By Staff Reporter
PRESIDENT Emmerson Mnangagwa’s government, says it is not worried about opposition leader Nelson Chamisa’s regional and continental diplomatic offensive.
In the last few weeks, MDC leader Chamisa, has been to West and East Africa as well as Botswana in the region where he met the country’s former President Ian Khama.
In an interview with newzimbabwe.com, Ministry of Information secretary Nick Mangwana, described Chamisa’s travels as “nothing more than tourism escapades.”
“We will not be worried by tourists. Former President Khama is a major player in Botswana’s tourism industry and he receives a lot of people. Chamisa is one of many tourists who has just been there (Botswana) and that is not something we will be worried about as a government,” said Mangwana.
However, sources in government told newzimbabwe.com, that authorities have been watching the opposition leader “like hawks”, amid reports there are growing divisions within the region and beyond on not only Zimbabwe’s political problems but also the Morocco/Saharawi Arab Democratic Republic (SADR) conflict.
“Chamisa’s meeting especially with Khama is viewed with great suspicion. Khama is doing everything in his power to destabilise President Mokgweetsi Masisi’s administration. He is reportedly funding a rival candidate (a foreign minister, Pelonomi Venson-Moitoi) ahead of the Botswana Democratic Party (BDP)’s upcoming congress,” a source said.
In a dramatic turn of events, Venson-Moitoi threw in the towel on Friday, allowing Masisi a safe nomination as the BDP’s candidate for the country’s general elections set for October.
Chamisa’s handlers on the other hand, claim the diplomatic engagements have been “very successful” but no information has been publicly made available as to who he met especially in West and East Africa. There are claims he might have met AU chairperson Moussa Faki and other African leaders “who are unwilling to have the engagements made public for now.”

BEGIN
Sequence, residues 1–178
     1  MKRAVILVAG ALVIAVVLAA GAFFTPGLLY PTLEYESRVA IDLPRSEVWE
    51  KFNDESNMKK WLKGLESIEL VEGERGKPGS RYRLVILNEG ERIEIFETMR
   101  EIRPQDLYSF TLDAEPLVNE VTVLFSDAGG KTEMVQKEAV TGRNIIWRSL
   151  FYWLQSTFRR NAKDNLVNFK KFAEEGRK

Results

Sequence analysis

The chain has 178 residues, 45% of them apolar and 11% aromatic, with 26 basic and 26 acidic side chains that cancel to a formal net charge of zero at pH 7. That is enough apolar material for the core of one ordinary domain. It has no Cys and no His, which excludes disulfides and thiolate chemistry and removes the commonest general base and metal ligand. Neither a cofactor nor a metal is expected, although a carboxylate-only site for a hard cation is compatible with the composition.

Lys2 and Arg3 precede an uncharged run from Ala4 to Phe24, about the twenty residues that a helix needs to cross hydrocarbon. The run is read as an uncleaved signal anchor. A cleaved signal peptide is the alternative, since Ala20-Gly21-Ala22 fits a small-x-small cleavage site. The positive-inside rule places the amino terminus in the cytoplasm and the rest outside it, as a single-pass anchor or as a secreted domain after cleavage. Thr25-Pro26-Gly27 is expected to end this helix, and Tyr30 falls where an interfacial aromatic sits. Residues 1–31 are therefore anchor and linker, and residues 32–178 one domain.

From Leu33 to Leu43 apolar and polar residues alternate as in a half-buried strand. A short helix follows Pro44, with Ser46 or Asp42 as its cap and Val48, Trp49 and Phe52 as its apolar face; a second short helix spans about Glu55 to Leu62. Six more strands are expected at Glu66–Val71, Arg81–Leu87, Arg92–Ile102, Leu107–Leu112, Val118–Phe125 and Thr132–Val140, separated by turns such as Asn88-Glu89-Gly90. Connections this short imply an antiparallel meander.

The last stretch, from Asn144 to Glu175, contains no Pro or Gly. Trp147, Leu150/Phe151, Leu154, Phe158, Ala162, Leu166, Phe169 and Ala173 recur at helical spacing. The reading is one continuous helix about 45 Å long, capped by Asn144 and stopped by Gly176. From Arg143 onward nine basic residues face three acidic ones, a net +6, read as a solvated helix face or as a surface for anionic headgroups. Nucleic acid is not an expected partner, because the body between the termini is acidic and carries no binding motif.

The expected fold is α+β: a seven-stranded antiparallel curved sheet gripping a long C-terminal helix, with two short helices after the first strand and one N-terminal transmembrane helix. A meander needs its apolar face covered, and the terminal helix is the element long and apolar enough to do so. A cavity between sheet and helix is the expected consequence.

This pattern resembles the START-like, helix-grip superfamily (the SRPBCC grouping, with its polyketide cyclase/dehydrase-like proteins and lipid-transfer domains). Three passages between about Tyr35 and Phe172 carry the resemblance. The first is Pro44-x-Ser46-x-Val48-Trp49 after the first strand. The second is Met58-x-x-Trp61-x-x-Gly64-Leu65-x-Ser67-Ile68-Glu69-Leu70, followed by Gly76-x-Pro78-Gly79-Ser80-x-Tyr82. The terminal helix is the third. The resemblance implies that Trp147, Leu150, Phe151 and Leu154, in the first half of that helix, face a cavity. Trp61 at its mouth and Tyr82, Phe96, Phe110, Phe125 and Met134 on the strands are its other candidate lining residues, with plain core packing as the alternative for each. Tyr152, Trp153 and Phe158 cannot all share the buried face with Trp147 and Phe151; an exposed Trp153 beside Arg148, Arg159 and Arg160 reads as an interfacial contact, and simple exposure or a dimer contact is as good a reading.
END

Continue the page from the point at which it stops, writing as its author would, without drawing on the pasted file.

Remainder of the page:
Masisi reportedly did not attend the SADR solidarity conference, choosing to send his deputy while he tried to firefight political temperatures at home.
“Khama’s meeting with Chamisa could be part of a greater scheme to destabilise the region and that will not be allowed to happen.
“In fact the Sadc region is divided because while there was a solidarity conference on SADR in South Africa, Zambia and Tanzania had representatives at a rival meeting held in Rabat,” said another insider.
It is believed Faki attended the meeting called by Morocco instead. But Mangwana played down the significance of the Rabat meeting.
“Sadc and the AU have positions as well as standing resolutions on SADR. They have positions on Zimbabwe so there is no division whatsoever. Of course we are aware (of the Rabat meeting) but there are a lot of diplomatic maneuvers going on. Chairperson Faki is a top diplomat and has been doing a lot of work around the Morocco/SADR issue.
“We are not worried at all. It’s the same as when he came here to meet former President (Robert) Mugabe. Morocco wants to return to the AU and the diplomatic engagements will continue,” Mangwana said.
SADR remains under Moroccan colonial rule and two weeks ago, Sadc leaders met in South Africa for a solidarity conference meant to push the North African economic power out of Africa’s remaining colony.
Morocco has already been admitted to the African Union after years of suspension over its occupation of SADR.
MDC leader Nelson Chamisa and former Botswana President Ian Khama after a recent meeting